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Queering the borders: Lorraine Hansberry’s 1957 Letters to The Ladder
Unformatted Document Text:  Queering the Borders: Hansberry’s Letters to The Ladder, 5 state of the civilization which produced that photograph of the white cop standing on that Negro woman’s neck in Birmingham.’” 13 Yet in spite of these contributions, Hansberry remains a marginalized figure in that she has yet to be acknowledged as the public intellectual she was. Even super luminaries of black culture sympathetic to gender and sexuality issues, such as Cornel West, tend to leave Hansberry out of the equation when listing black intellectuals and those who “championed the struggle for freedom and justice in a prophetic framework of moral reasoning.” 14 Those who have written about Hansberry voice this frustration. For example, Doris Abrams writes: “Not enough has been said about her as an American (black) intellectual leader. Her essays presaged the concerns of the sixties. She had strong connections to Africa. Her writings provide a challenge to black and white America.” 15 More recently, Jewell Gomez noted that “Because we have not studied Hansberry as a cultural worker and thinker but only as a dramatist, we have lost touch with the urgency of her political message and the poetry of her writing.” 16 And even Amiri Baraka, who was part of the Black Arts movement that loudly criticized Raisin as bourgoise melodrama in the early 60s, in 1995 wrote: “The truth is that Hansberry’s dramatic skills have yet to be properly appreciated—and not just by those guardians of the status quo who pass themselves off as drama critics .” 17 Hansberry’s marginality comes at least in part from the failure to read her as a political writer, specifically as a black, feminist, Marxist, lesbian thinker. As Barbara Smith has noted, “When black women’s books are dealt with at all, it is usually in the context of Black literature which largely ignores the implications of sexual politics. When white women look at Black women’s works they are of course 13 James Baldwin, “Lorraine Hansberry at the Summit,” Freedomways, 19 (1979): 272. 14 Cornel West, Race Matters (New York: Vintage, 1994), 48. Despite the fact that he doesn’t name her, West’s phrasing aptly describes Hansberry’s work. 15 Doris Abrams, notes for “Lorraine Hansberry,” Notable American Women, The Modern Period, ed. Barbara Sicherman et al (Cambridge: Belknap Press of Harvard University Press, 1980), 310-312). This quote was omitted from the published version but is contained in Abram’s notes held in the Lesbian Herstory Archives, Brooklyn, NY. 16 Jewelle L. Gomez, “Lorraine Hansberry: Uncommon Warrior,” in Reading Black, Reading Feminist, ed. Henry Louis Gates, Jr. (New York: Meridian Book, 1990), 314.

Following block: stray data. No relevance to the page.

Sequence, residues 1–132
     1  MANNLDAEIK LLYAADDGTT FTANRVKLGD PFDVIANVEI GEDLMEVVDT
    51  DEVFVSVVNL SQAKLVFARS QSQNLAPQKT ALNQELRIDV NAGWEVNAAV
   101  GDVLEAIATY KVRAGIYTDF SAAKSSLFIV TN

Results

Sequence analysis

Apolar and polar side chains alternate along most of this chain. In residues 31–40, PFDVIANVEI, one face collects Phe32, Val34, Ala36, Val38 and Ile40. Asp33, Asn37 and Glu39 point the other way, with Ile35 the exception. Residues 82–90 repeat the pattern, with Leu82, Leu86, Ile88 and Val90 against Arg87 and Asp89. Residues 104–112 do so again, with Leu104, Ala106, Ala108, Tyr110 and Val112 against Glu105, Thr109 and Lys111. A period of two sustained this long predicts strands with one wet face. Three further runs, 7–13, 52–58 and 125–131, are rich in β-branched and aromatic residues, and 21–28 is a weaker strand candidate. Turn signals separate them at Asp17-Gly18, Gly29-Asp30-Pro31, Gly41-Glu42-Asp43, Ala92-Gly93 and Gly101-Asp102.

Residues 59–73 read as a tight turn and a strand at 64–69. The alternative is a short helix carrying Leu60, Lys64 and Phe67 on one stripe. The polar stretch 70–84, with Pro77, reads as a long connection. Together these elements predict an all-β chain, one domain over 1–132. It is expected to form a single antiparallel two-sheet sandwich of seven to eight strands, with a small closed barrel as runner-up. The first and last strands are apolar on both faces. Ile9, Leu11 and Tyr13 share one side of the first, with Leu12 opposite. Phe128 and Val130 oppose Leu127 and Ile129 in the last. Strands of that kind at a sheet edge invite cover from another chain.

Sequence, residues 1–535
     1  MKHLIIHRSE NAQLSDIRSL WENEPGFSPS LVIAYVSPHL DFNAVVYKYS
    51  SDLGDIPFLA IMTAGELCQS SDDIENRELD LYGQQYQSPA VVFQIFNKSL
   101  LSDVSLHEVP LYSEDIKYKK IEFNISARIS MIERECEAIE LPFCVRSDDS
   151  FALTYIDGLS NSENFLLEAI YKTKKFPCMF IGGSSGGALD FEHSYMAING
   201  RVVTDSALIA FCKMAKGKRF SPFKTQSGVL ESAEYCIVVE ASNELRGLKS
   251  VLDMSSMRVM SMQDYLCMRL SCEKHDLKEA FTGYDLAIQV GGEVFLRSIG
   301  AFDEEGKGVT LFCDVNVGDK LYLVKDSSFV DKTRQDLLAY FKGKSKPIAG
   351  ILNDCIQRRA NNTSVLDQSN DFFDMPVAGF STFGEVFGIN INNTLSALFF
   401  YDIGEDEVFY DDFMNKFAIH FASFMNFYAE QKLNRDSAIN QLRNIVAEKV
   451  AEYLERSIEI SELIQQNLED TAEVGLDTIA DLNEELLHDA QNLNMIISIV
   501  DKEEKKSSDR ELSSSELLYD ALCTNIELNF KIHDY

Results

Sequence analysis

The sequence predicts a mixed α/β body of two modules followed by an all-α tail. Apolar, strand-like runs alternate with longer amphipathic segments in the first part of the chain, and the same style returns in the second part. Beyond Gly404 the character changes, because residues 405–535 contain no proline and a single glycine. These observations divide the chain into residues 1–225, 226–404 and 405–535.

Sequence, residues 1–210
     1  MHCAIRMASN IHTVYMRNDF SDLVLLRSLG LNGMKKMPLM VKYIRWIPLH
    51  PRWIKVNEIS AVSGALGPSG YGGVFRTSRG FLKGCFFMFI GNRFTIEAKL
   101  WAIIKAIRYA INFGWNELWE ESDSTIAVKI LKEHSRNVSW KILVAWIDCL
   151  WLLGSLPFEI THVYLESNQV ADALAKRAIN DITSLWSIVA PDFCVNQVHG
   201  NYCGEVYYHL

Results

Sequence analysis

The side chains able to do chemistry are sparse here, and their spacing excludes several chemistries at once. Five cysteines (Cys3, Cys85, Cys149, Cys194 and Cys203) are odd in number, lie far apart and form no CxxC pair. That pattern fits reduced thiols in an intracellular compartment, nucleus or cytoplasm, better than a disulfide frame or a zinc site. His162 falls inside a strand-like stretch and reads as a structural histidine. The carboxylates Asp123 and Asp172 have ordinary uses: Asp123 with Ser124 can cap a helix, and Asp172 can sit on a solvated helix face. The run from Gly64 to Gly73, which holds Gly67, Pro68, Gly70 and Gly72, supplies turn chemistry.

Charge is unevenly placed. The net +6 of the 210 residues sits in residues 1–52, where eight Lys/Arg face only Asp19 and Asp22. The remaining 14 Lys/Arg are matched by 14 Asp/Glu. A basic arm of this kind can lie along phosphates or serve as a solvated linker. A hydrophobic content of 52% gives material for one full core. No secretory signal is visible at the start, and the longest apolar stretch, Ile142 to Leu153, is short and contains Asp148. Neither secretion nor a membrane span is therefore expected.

Authors: Lipari, Lisbeth.
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Queering the Borders: Hansberry’s Letters to The Ladder, 5
state of the civilization which produced that photograph of the white cop standing on that Negro
woman’s neck in Birmingham.’”
13
Yet in spite of these contributions, Hansberry remains a marginalized figure in that she has yet to be
acknowledged as the public intellectual she was. Even super luminaries of black culture sympathetic to
gender and sexuality issues, such as Cornel West, tend to leave Hansberry out of the equation when
listing black intellectuals and those who “championed the struggle for freedom and justice in a prophetic
framework of moral reasoning.”
14
Those who have written about Hansberry voice this frustration. For
example, Doris Abrams writes: “Not enough has been said about her as an American (black) intellectual
leader. Her essays presaged the concerns of the sixties. She had strong connections to Africa. Her
writings provide a challenge to black and white America.”
15
More recently, Jewell Gomez noted that
“Because we have not studied Hansberry as a cultural worker and thinker but only as a dramatist, we
have lost touch with the urgency of her political message and the poetry of her writing.”
16
And even
Amiri Baraka, who was part of the Black Arts movement that loudly criticized Raisin as bourgoise
melodrama in the early 60s, in 1995 wrote: “The truth is that Hansberry’s dramatic skills have yet to be
properly appreciated—and not just by those guardians of the status quo who pass themselves off as
drama critics .”
17
Hansberry’s marginality comes at least in part from the failure to read her as a political writer,
specifically as a black, feminist, Marxist, lesbian thinker. As Barbara Smith has noted, “When black
women’s books are dealt with at all, it is usually in the context of Black literature which largely ignores
the implications of sexual politics. When white women look at Black women’s works they are of course
13
James Baldwin, “Lorraine Hansberry at the Summit,” Freedomways, 19 (1979): 272.
14
Cornel West, Race Matters (New York: Vintage, 1994), 48. Despite the fact that he doesn’t name her, West’s
phrasing aptly describes Hansberry’s work.
15
Doris Abrams, notes for “Lorraine Hansberry,” Notable American Women, The Modern Period, ed. Barbara
Sicherman et al (Cambridge: Belknap Press of Harvard University Press, 1980), 310-312). This quote was omitted
from the published version but is contained in Abram’s notes held in the Lesbian Herstory Archives, Brooklyn, NY.
16
Jewelle L. Gomez, “Lorraine Hansberry: Uncommon Warrior,” in Reading Black, Reading Feminist, ed. Henry
Louis Gates, Jr. (New York: Meridian Book, 1990), 314.


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